Study First of Its Kind to Track Age Trends in Heroin Deaths

heroinIt is commonly known that there are only three possible outcomes for addicts.  It is going to be sobriety, prison—or death.  A new study published in the Journal of Substance Abuse Treatment reported the death rate for heroin and cocaine users as 14.3 times higher than the general population average.  The study highlights the mortality risks associated with using these illicit drugs. Continue reading

Study Says It’s Easier to Study Heroin Than Marijuana

girlThe 2012 National Survey on Drug Use and Health (NSDUH) reports 20 million people in the United States used marijuana in the month prior to survey, making pot America’s favorite illicit drug.  Medical marijuana has been legal in California since 1996, and half a million Californians have prescriptions for its use.  ProCon.org, a non-profit organization that promotes critical thinking, education and informed citizenship on critical issues, estimated there would be nearly 2.5 million regular medical marijuana users alone if every state in the nation legalized medical marijuana.  Why, with such a high level of use, is marijuana regarded as difficult to study? Continue reading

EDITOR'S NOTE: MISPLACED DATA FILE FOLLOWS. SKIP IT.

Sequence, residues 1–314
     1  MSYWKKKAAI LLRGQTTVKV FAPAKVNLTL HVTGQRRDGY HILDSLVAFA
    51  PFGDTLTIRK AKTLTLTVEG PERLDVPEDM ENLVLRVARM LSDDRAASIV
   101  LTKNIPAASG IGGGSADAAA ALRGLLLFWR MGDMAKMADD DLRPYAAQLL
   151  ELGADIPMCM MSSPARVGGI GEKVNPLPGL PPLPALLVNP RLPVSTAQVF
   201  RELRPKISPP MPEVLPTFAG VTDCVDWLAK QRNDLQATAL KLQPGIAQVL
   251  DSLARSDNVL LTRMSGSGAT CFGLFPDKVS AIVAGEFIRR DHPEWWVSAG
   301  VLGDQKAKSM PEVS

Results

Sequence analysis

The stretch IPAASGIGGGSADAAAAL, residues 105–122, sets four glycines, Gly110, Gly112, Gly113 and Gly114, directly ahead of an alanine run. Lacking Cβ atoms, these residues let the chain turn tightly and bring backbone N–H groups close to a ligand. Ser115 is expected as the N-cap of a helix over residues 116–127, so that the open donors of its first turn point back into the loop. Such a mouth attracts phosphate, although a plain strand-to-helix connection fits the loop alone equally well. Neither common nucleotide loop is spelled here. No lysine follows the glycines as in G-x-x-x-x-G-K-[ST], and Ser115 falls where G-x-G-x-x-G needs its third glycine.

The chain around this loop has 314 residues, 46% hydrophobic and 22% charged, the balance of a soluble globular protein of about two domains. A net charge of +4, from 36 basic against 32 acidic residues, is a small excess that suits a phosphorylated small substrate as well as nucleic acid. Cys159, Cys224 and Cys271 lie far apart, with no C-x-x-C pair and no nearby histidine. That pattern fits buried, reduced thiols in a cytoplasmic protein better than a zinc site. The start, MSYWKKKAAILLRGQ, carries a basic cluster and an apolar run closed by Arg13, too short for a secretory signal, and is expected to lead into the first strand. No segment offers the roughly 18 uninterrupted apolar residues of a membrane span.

Heroin Abuse: US versus Afghanistan

flagThe Director of the National Institute on Drug Abuse, Dr. Nora D. Volkow, identifies heroin as a highly addictive opioid drug having devastating social and medical consequences in our society.  She further notes that its consequences of violence, crime, HIV/AIDS, hepatitis, and ill-effects on the environments of family, education and workplace cost our nation billions of dollars every year.  Continue reading

Statistics Point Out That Heroin Deaths are Still on the Rise

heroinThe Centers for Disease Control (CDC) data reveals that while prescription painkiller related deaths are down, heroin deaths are up.  And while the recent CDC data does not specifically show a link between prescription painkillers and heroin, it is suspected that painkiller addicts can and will switch to heroin for a cheaper and easier-to-get high. Continue reading